The Bangor waterfront is hopping again this year. (This end-of-summer ritual makes me very happy and very sad: end of a long, lovely summer. When I run into all of my students, I say: "see you next week").

Friday night, Skyler and I headed downtown to meet a bunch of friends and go dancing.
Within the first 20 minutes, she spilled an entire ($4) strawberry-banana smoothie onto her lap, making her soaked and sticky-sweet right down to the undies, hence the ($10) folk festival t-shirt/ dress, commando.
Here we are at our first stop, the French-Canadian band:

Skyler and Ella:

And then they left and went back to the west.

boo hoo hoo hoo hoo hoo hoo.

We miss my sister and the boys SO MUCH. We had such a fantastic week together.

Here we are on our last day. Thanks to a tip from a friend, we discovered a new amazing state park/beach to take the kids only 20 minutes away: Swan Lake. It was a perfect spot for our afternoon and dinner birthday picnic for my mom.

We used to do fried-chicken-with-all-the-fixings picnics all the time when we were growing up and wanted to do it again. Here is my main impression from this week's picnic:

It was SO much more relaxing when I was the kid lying on the blanket eating and my mom had prepared and dished out everything.

The big boys teach Reed how to skip rocks.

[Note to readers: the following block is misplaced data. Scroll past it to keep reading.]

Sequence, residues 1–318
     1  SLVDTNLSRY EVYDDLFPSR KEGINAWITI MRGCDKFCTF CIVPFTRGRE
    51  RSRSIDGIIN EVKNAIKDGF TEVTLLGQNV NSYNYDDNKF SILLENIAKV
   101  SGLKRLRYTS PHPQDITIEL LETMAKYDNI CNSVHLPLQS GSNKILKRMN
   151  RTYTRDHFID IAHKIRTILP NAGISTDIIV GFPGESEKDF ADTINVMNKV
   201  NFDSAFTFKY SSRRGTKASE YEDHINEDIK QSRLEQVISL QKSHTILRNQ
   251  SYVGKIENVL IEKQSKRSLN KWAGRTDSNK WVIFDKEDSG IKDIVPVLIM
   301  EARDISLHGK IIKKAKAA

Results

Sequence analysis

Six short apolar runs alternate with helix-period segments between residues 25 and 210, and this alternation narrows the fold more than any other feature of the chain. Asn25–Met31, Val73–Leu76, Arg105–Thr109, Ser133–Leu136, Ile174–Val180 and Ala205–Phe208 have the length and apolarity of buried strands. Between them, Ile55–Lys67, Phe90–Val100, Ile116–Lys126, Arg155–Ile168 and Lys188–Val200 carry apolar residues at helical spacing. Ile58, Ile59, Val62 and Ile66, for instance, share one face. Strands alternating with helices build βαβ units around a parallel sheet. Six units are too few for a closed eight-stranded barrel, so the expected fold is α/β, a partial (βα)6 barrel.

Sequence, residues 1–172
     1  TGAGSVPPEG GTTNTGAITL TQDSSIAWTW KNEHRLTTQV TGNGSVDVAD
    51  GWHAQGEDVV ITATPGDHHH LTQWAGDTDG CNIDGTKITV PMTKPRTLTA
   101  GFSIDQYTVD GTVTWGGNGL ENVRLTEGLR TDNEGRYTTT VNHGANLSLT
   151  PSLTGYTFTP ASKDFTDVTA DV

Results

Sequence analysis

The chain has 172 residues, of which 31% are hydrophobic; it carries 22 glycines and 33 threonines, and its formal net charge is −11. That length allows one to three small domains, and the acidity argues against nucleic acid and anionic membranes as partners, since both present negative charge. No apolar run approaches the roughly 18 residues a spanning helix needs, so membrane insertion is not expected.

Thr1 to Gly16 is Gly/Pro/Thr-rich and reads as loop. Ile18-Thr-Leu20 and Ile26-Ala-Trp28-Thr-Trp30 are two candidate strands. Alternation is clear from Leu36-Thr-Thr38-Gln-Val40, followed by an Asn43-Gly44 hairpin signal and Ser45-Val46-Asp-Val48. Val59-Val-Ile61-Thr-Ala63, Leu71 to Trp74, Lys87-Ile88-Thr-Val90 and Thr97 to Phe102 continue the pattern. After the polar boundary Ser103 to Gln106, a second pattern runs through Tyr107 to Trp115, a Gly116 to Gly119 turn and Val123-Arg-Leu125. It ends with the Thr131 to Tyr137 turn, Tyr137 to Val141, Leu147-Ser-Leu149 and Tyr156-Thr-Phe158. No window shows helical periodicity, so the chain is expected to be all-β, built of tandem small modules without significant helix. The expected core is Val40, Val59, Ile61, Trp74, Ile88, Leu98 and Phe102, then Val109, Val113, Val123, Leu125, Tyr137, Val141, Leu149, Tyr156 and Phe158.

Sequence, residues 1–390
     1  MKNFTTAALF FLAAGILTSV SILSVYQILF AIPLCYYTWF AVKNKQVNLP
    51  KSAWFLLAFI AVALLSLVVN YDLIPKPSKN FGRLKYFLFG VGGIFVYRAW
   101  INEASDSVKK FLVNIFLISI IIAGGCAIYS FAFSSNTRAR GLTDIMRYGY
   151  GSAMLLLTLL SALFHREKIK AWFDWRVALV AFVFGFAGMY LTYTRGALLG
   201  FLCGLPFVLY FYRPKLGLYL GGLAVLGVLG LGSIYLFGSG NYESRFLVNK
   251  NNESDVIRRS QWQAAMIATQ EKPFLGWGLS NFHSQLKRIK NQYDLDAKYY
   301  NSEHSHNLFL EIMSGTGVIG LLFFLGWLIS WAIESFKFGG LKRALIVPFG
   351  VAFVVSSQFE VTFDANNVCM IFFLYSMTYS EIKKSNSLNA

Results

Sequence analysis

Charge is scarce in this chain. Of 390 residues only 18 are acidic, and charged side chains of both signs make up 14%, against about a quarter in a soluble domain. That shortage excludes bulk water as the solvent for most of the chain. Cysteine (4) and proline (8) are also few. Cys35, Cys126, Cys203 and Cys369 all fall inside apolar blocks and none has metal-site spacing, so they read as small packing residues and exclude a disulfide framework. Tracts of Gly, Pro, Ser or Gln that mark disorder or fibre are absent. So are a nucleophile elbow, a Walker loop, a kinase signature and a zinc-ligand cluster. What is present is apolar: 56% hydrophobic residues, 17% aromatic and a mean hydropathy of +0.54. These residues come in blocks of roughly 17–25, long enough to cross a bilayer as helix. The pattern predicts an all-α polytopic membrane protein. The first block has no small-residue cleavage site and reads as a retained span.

Sam taking the boys for a ride.

My mom opening her present.

How many people can say they got a new bike helmet for their mother's 71st birthday present?
She's ready for triathlon training!

We were the last ones there...

dear liesel. please come back right now.

Wednesday, August 20, 2008

My sister is here! My sister is here!

My sister Liesel and her two boys Cameron (7) and Grant (6) came from Utah for a week of Maine livin' and we are having a BLAST.

Good grief. I can hardly stand it. Lovely weather, hugs, kisses, silliness, and happiness all around. I only see my sister and her boys 2 times a year. NOT enough!!! (right now she's thinking... Well then? Move to Utah? Oops. We got a little attached to this place that happens to be REALLY far away from everywhere else.) I'm savoring every minute of our time together. (That is SO something my mom would say). But it's TRUE!

We loved taking the boys to the farm. Here they are cock-a-doodle-doing.

And then we marched them up the hill to say hi to the pigs.

Ummmm. The pig pen was empty. Skyler said: WHERE ARE THOSE PIGS?

I said: Let's go ask Farmer Beth.

You guessed it.


Another day trip included Birdsacre Sanctuary for injured birds (my nephews are crazy-into birds). At one point on our walk, I heard Cameron point to a cage and say, "Look, Mom. A kestral, the world's smallest falcon." (he was right!) Later, we were looking at a display of hundreds of different sized bird eggs. Skyler said: "Chicken eggs"! Cameron said: "No Skyler, these are the eggs of song birds and birds of prey." Smarty pants.

While there, let's attempt to photograph the 4 cousins together.

Where's Reed?

Reed ! Sit still!

Hey, come back here!

Alright, buster. We mean it!

Let's try the swing. Reed! Sit up!

They give up.

This one will have to do for now:

The birds? Oh yeah. Here's a great horned owl with injured legs

And this baby barred owl with a broken wing. Skyler did not want to leave this little guy. She keeps talking about how he "looked like he was going to cry!" I think he looks like he just walked into a surprise party.

Next stop: A swim in Green Lake. These Utah kids are loving the fresh water.
Skyler likes it too.

My pretty mommy with her Cameron